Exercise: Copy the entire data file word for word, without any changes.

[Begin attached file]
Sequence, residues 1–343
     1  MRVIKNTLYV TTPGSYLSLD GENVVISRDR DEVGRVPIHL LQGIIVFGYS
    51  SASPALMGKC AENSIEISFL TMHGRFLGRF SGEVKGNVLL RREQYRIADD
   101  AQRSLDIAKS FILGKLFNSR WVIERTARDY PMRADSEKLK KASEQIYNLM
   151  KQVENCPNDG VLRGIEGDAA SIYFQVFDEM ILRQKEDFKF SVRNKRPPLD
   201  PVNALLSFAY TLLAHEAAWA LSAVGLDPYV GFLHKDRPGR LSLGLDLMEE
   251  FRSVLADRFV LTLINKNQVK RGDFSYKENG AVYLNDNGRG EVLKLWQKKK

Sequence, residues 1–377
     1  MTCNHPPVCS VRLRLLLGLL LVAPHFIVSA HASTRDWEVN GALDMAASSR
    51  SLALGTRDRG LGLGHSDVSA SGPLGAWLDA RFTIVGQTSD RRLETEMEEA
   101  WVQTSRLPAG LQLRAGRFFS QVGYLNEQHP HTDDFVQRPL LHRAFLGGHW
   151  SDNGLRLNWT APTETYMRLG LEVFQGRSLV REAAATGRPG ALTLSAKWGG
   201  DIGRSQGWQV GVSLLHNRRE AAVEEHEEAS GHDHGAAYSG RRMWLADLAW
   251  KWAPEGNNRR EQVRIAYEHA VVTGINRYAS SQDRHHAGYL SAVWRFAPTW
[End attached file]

Sequence, residues 1–343
     1  MRVIKNTLYV TTPGSYLSLD GENVVISRDR DEVGRVPIHL LQGIIVFGYS
    51  SASPALMGKC AENSIEISFL TMHGRFLGRF SGEVKGNVLL RREQYRIADD
   101  AQRSLDIAKS FILGKLFNSR WVIERTARDY PMRADSEKLK KASEQIYNLM
   151  KQVENCPNDG VLRGIEGDAA SIYFQVFDEM ILRQKEDFKF SVRNKRPPLD
   201  PVNALLSFAY TLLAHEAAWA LSAVGLDPYV GFLHKDRPGR LSLGLDLMEE
   251  FRSVLADRFV LTLINKNQVK RGDFSYKENG AVYLNDNGRG EVLKLWQKKK

Sequence, residues 1–377
     1  MTCNHPPVCS VRLRLLLGLL LVAPHFIVSA HASTRDWEVN GALDMAASSR
    51  SLALGTRDRG LGLGHSDVSA SGPLGAWLDA RFTIVGQTSD RRLETEMEEA
   101  WVQTSRLPAG LQLRAGRFFS QVGYLNEQHP HTDDFVQRPL LHRAFLGGHW
   151  SDNGLRLNWT APTETYMRLG LEVFQGRSLV REAAATGRPG ALTLSAKWGG
   201  DIGRSQGWQV GVSLLHNRRE AAVEEHEEAS GHDHGAAYSG RRMWLADLAW
   251  KWAPEGNNRR EQVRIAYEHA VVTGINRYAS SQDRHHAGYL SAVWRFAPTW